All about Oily Scalp

In this article, we find out more on oily scalp and what are the causes, and how we can detox our scalp and hair. Let’s get into it now!


As you can see, this diagram shows our Hair Follicle. All of us biologically are the same. 



I want to draw your attention to the Sebaceous Gland which is attached to the Hair follicle. Each hair follicle will have 1 or 2 sebaceous glands. Some may have as many as 900 sebaceous glands per square centimetre of skin. Your sebaceous glands begin to produce sebum after you’re born. For the first three to six months of life, your glands produce as much sebum as an adult’s. From there, sebum production slows until you hit puberty.

When you hit puberty, sebum production may increase up to 500 percent. Male adolescents tend to produce more sebum than their female counterparts. This often results in oily, acne-prone skin.


Its main function is to produce and secrete sebum which lubricates our skin and hair. Sebum makes our hair supple and shiny. Healthy hair produces a certain amount of sebum and is acceptable. The amount of sebum you produce varies depending on your hair type, your hygiene habits, and other lifestyle factors.




Using the Scalp Analysis machine, you can distinguish between an Oily Scalp and a Sweaty Scalp. If you are sweaty, your scalp looks wet at the skin area.



If you have oily scalp, you see the oil at the pores because that is where the sebum is coming out from. Sweat glands are separated from the sebaceous gland.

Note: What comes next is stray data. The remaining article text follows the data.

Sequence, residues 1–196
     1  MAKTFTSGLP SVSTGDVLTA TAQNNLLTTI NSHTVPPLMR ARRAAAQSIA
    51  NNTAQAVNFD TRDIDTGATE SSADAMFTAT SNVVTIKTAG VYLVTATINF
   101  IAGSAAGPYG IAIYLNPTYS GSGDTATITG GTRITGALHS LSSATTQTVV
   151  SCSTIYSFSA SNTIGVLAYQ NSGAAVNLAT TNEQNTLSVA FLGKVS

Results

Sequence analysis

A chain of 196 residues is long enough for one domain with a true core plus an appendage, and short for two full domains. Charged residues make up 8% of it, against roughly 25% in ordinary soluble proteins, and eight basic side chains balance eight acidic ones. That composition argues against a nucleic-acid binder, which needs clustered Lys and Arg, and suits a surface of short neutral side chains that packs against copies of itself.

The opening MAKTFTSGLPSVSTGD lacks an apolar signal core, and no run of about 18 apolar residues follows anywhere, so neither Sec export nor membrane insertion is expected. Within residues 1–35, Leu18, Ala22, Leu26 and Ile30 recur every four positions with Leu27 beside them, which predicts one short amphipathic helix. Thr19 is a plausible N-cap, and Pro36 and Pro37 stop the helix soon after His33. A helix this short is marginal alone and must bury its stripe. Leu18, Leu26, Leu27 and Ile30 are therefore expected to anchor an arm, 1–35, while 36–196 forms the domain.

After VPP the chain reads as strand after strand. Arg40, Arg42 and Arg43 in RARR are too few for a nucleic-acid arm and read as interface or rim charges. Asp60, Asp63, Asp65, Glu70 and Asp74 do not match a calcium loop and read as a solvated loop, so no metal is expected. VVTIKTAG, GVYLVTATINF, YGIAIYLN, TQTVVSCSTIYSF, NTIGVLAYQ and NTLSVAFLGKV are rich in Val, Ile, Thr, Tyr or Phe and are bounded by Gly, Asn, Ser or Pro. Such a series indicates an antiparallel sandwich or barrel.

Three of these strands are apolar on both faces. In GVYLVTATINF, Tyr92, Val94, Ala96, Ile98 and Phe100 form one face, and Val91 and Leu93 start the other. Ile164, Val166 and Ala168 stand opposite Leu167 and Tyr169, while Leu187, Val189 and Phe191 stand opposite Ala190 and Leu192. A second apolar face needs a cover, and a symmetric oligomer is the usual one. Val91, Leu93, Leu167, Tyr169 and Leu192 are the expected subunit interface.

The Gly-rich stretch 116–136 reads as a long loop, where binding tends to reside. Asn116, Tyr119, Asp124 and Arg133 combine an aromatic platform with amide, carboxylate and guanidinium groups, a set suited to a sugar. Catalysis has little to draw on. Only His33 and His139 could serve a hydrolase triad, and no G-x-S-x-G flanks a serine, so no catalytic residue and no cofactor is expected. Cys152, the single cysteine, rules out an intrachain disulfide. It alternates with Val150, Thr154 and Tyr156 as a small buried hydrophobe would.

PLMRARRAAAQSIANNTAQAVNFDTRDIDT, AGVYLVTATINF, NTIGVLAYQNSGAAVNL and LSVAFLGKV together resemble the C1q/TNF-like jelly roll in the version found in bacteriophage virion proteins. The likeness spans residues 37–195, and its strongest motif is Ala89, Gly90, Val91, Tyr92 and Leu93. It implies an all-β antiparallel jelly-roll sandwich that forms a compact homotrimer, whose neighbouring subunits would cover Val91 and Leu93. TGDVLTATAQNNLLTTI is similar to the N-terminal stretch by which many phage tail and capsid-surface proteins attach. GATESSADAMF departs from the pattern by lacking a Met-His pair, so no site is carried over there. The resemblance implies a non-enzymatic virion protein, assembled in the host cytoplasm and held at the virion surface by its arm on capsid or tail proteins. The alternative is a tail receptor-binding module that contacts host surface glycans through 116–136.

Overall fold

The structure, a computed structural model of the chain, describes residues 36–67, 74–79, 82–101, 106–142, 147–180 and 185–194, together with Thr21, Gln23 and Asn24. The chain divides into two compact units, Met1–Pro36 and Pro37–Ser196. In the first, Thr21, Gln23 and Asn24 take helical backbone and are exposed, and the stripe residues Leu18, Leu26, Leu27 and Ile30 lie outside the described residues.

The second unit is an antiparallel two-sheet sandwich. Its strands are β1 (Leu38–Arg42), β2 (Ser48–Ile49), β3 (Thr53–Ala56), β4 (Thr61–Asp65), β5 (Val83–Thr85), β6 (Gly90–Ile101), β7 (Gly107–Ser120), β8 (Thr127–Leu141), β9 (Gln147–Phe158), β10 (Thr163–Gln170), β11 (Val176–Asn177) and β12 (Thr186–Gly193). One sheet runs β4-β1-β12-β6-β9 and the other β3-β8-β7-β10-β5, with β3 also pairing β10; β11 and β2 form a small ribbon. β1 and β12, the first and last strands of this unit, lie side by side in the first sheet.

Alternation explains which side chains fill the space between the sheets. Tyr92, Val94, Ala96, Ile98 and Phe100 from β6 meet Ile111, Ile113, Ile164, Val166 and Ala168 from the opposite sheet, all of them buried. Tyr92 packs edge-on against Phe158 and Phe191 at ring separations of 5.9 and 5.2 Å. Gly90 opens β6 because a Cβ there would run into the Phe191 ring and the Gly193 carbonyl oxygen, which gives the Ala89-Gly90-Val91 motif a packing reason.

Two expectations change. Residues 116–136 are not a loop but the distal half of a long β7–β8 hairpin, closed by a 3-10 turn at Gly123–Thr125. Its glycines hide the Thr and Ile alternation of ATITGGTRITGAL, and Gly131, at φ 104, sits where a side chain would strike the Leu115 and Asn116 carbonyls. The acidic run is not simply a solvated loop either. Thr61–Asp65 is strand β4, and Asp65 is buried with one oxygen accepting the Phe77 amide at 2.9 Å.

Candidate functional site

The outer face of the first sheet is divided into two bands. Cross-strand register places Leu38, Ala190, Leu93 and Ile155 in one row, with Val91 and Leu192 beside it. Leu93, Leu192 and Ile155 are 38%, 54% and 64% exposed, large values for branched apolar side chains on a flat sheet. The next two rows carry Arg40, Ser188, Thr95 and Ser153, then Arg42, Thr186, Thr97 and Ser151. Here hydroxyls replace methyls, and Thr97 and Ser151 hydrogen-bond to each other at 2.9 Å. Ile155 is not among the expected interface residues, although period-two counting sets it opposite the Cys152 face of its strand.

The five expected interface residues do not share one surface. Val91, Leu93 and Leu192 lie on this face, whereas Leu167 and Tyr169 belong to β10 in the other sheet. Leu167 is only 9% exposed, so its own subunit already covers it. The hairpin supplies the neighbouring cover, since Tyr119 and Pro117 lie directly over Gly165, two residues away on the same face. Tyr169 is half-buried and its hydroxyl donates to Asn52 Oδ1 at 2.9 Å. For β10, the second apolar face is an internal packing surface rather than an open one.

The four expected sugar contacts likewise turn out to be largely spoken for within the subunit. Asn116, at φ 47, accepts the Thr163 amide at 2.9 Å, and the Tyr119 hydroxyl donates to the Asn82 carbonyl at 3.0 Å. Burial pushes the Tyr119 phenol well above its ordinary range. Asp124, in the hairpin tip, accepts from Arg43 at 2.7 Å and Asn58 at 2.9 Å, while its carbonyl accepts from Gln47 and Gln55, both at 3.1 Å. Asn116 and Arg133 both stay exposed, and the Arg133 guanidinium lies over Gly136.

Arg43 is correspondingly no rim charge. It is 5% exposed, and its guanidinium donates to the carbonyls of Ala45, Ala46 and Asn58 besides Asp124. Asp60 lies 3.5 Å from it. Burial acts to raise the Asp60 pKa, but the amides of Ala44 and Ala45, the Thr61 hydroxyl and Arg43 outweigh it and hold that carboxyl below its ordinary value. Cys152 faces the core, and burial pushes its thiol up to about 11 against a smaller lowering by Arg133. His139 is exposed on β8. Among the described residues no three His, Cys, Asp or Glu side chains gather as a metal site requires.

If you have too little sebum, your scalp becomes dry and tight and sensitive. However, too much of it will be a problem too. An oily scalp is caused by over-reactive sebaceous glands on the scalp. The sebum attracts dirt more easily, produces dandruff, and makes your hair stick together.


In the worst cases, the sebum glands clog the hair roots, clog up your pores and may cause excessive hair loss and dandruff, hardened  sebum which looks like this:




The body regularly sheds dead skin cells as new cells are formed, which is a gradual and natural process. If this process speeds up, it produces excessive amounts of dead skin cells causing dandruff.
In poor hygiene and neglected cases, Seborrheic Dermatitis or Scalp Eczema is formed.




Continued neglect can slowly lead it to become infected, causing the rough patches to become red, itchy and painful. Severe cases of patching on the scalp can result in a certain degree of peeling and hair loss. Sometimes, it can also result in fungal infection (Ringworm) and Folliculitis condition. 



In these severe cases, hair can only regrow when the infected and inflamed scalp areas are treated properly.


Here are some of the causes of excess sebum secretion: 

  • Hormonal Imbalances during pregnancy, menopause, or puberty
  • Genes. Men has a higher tendency to have more sebaceous glands than women. An excess of a hormone called dihydrotestosterone (DHT). Too much of a good thing, this metabolite of testosterone, DHT is responsible for triggering sebaceous glands to produce a lot of sebum.